In traditional methods adopted based on fundamental mode of the structure and distribution of earthquake forces as static forces at various stories may be adequate for structures of small height subjected to earthquake of very low intensity but as the number of stories increases the seismic de- sign demands more rigorous.

Phases Of The Project

The project was divided into different phases. They are as follows:-

Phase-1- Comparison of design results of STAAD Pro and same problems done manually.

kN

  • M 2-3= - [60/3² ](1 x 2²+ 2 x 1² )=40 kN-m

  • M 1-2=M 2-1=M3-4=M 4-3=0

Fixed end moments

  • (a) Non-sway analysis

So horizontal reaction at 1= 16.59+33.19/2=24.98

Now the moment distribution is performed choosing

table.

moments will be 18.0833/12.904 x A as in above

kN Now the actual sway force of 18.0833 kN , the sway

Resolving we have total S=11.125+1.7844 =12.9094

  • M 3-2= +40 kN-m

Horizontal reaction at 4= -4.02-4.01/4.5= - 1.7844

kN

Horizontal reaction at 1= -14.17-8.08/2= -11.125

the above fixed end moments

The ratio of the initial equivalent moments of the column is given by =( I1/ l1²) : (I2/l2²) = 20.25 : 4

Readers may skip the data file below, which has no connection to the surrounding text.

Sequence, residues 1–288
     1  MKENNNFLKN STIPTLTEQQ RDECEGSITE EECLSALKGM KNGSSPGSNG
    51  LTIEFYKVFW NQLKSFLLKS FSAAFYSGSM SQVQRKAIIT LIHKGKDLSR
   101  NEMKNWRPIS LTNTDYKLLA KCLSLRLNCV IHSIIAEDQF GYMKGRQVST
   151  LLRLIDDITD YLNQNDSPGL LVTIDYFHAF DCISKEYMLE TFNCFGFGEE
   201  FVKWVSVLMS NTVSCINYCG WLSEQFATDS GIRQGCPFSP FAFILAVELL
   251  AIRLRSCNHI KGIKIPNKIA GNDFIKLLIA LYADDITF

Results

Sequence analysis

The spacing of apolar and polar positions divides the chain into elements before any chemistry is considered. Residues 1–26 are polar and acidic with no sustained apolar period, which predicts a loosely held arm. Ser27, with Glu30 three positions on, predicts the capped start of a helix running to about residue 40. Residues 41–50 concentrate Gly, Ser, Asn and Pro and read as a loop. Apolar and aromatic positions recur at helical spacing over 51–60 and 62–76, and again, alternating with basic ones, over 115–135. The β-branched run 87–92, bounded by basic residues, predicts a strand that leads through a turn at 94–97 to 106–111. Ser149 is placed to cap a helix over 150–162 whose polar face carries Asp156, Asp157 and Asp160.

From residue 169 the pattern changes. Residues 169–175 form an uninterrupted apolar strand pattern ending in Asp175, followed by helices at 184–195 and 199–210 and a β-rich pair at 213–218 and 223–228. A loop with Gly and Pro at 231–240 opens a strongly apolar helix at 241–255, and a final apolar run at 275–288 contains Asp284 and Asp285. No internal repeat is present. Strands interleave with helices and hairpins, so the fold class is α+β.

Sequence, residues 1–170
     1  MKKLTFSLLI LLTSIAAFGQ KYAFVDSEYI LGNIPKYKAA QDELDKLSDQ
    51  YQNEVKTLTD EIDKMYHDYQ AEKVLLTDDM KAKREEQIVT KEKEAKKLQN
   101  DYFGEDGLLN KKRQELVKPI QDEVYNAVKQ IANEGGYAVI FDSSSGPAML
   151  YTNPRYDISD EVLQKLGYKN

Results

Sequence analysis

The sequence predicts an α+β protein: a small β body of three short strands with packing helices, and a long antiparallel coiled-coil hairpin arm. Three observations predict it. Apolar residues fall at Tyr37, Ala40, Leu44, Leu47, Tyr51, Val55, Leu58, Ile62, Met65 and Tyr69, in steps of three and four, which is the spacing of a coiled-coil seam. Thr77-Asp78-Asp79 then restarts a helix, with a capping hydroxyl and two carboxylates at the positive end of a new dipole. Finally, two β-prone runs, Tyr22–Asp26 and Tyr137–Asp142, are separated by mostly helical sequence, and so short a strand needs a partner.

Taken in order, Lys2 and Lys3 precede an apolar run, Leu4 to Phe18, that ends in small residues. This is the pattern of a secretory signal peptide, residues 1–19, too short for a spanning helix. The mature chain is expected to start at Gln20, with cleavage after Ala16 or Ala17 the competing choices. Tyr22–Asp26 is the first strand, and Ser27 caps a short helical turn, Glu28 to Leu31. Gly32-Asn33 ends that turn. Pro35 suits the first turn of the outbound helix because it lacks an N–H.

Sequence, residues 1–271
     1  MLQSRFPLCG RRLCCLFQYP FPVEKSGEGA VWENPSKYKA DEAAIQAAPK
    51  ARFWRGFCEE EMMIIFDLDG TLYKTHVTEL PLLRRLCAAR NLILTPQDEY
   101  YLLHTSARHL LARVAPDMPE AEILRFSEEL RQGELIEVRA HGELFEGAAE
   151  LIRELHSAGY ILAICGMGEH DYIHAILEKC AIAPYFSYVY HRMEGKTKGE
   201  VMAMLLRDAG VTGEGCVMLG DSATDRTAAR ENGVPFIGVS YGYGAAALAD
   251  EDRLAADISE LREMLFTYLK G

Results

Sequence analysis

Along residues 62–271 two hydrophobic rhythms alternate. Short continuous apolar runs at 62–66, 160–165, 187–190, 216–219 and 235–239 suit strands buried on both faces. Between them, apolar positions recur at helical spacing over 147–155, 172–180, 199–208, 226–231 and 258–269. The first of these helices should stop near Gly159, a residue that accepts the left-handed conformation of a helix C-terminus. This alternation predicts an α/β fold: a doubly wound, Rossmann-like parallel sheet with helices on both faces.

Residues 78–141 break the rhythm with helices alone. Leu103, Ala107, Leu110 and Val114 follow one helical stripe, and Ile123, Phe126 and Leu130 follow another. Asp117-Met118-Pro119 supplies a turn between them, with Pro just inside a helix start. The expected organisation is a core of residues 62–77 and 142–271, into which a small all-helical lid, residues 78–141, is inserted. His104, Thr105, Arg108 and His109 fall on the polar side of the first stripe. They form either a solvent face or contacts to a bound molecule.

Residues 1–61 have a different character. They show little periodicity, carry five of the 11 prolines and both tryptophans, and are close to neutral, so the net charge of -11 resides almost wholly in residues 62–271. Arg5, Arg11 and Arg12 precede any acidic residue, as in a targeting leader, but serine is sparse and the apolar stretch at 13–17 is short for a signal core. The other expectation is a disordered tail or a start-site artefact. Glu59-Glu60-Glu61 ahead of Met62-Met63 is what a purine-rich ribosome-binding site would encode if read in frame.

Now the frame will be analysed for a sway force of 18.0833 kN

  • (b) sway analysis:-

kN.

Horizontal reaction at 4= -20.42-10.21/4.5= -6.8067 kN Therefore net sway force = 24.89-6.8067= 18.0833

kN.

All Columns: Rectangular, 400 mm width X 500

All Columns: Rectangular, 400 mm width X 500 87 International Journal of Research and Innovation (IJRI)

87

International Journal of Research and Innovation (IJRI)

(c) Reactions

H1=9.31 kN

H4=-9.31 kN

V4=61.39 kN

V1=120-61.39=58.61 kN.

Phase 2

Under phase 2, with full confidence on the STAAD

Pro. Design tool, we proceed with the analysis of

simple 2 dimensional frames. The analysis was done

for both the static load conditions and dynamic load

conditions. The 2nd phase involves the analysis of

frames on a plane ground and then on a sloping ground.

This 2nd phase can be again broadly divided into

following:-

2.1)we first start with 2 storey frame. First we went

with double bay and up to 4 bays both on a plane ground and on as sloping ground. we then compare the results.

2.2)we then go for 4 storey frame. For the same we start with double bay and up to 4 bays both on a plane ground and on a sloping ground. we then compare the results

2.3) we then go for 6 storey frame. For the same we start with double bay and up to 4 bays both on a plane ground and on a sloping ground. we then compare the results.

Problem Statement:-

Member Properties

All Beams : Rectangular, 400 mm width X 500 mm

All Columns: Rectangular, 400 mm width X 500 87 International Journal of Research and Innovation (IJRI)

Load case 3 : Live Load

mm depth

Member Orientation

• All members : Default

Material Constants

• Modulus of Elasticity : 22 KN/sq.mm • Density : 25 kn/cu.m • Poisson's Ratio : 0.17